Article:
Late last year, Google announced that it had reached a settlement with several major publishers that would end their copyright lawsuit against the Google Books service. The settlement would put in place an agreement between Google and existing copyright holders, and give the search giant rights to out-of-print and orphaned works—those for which the copyright holder cannot be identified. Despite the complexity of the settlement, it was on a fast track to approval, with a final thumbs-up scheduled for May. Now, it looks like a delay in the decision is inevitable, as opposition to it seems to be rising and the Department of Justice is looking into the antitrust implications of the deal.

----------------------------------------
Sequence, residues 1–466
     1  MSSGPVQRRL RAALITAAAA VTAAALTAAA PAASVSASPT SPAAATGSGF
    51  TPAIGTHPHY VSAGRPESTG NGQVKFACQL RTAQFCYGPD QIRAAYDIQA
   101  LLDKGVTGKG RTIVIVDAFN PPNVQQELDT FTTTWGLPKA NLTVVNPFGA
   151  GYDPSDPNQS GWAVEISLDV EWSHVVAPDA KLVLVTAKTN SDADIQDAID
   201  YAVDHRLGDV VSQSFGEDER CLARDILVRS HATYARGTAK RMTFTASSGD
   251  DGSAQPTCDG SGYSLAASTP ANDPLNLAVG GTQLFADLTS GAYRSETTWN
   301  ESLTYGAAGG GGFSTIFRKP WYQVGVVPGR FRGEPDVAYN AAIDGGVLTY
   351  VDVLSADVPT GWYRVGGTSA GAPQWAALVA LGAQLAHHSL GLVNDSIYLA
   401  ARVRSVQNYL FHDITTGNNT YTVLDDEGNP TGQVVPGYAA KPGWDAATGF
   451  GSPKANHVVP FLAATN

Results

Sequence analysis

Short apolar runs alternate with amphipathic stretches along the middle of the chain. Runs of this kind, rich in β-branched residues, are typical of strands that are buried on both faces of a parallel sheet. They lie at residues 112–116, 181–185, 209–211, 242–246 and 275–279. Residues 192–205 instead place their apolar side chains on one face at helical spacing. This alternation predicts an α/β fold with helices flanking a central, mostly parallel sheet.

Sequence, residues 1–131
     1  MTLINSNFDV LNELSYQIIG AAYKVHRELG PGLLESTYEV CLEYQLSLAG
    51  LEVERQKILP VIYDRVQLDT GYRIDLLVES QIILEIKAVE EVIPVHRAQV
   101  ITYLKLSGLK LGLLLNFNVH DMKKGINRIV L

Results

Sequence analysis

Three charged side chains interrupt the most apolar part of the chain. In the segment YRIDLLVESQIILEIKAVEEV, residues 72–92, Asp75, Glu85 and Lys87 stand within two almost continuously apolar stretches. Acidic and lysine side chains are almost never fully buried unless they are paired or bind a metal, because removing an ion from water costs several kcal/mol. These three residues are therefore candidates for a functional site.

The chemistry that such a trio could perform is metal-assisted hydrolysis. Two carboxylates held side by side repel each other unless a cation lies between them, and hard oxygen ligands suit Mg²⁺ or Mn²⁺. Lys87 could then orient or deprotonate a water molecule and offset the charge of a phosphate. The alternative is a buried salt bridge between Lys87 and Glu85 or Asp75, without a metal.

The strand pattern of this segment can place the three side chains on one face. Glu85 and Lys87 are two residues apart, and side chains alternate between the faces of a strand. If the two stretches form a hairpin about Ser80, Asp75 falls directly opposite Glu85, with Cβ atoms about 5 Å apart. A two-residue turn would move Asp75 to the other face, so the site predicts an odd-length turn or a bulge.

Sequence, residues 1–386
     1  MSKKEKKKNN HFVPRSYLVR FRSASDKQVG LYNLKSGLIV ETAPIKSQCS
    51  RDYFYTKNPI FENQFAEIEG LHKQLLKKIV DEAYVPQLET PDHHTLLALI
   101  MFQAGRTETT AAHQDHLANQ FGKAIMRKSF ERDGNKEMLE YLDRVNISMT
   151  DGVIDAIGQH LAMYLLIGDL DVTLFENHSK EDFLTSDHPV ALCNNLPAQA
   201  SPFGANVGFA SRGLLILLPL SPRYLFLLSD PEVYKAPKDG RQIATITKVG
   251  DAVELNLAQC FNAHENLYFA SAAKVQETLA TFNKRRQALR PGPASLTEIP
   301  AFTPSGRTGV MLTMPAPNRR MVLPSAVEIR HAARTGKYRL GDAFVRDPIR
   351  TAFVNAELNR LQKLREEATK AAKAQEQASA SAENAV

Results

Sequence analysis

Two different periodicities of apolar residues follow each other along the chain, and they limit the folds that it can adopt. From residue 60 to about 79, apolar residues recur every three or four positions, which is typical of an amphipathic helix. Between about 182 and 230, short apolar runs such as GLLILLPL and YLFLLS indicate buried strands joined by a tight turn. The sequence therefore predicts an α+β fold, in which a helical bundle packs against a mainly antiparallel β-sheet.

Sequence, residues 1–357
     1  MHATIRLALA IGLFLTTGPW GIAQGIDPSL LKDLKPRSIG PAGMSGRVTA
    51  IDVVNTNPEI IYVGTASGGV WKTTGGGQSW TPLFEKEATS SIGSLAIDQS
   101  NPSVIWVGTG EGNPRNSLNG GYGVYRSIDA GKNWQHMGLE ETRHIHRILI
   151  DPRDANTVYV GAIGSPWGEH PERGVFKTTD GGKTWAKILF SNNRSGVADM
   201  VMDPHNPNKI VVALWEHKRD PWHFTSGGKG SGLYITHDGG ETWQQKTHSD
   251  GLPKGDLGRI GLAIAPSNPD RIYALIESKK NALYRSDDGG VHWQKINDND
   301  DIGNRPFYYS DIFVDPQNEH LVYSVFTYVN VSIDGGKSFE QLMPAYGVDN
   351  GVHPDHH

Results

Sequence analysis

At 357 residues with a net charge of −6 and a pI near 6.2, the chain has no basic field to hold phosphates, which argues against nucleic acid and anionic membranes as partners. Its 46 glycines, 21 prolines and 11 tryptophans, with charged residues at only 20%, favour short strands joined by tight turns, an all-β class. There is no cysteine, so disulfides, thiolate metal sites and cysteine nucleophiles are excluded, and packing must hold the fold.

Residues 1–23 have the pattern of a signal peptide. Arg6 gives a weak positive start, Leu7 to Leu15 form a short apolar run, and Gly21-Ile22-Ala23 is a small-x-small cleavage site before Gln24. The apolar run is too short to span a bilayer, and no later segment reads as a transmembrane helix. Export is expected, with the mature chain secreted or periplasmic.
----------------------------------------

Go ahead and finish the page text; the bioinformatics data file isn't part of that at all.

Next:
So, for example, the agreement as structured could essentially turn Google into the sole rightsholder for orphaned works, which would mean that anyone would have to negotiate with the company over the use of these works. Other objections focus on the fact that Google could control the sale and distribution of out-of-print works, even if the original author decided to release it under a more liberal license. Other recent objections suggest that the settlement, by giving the search giant control of how the out-of-print works are displayed, could allow the company to censor and selectively display these works, based on community standards or political concerns.
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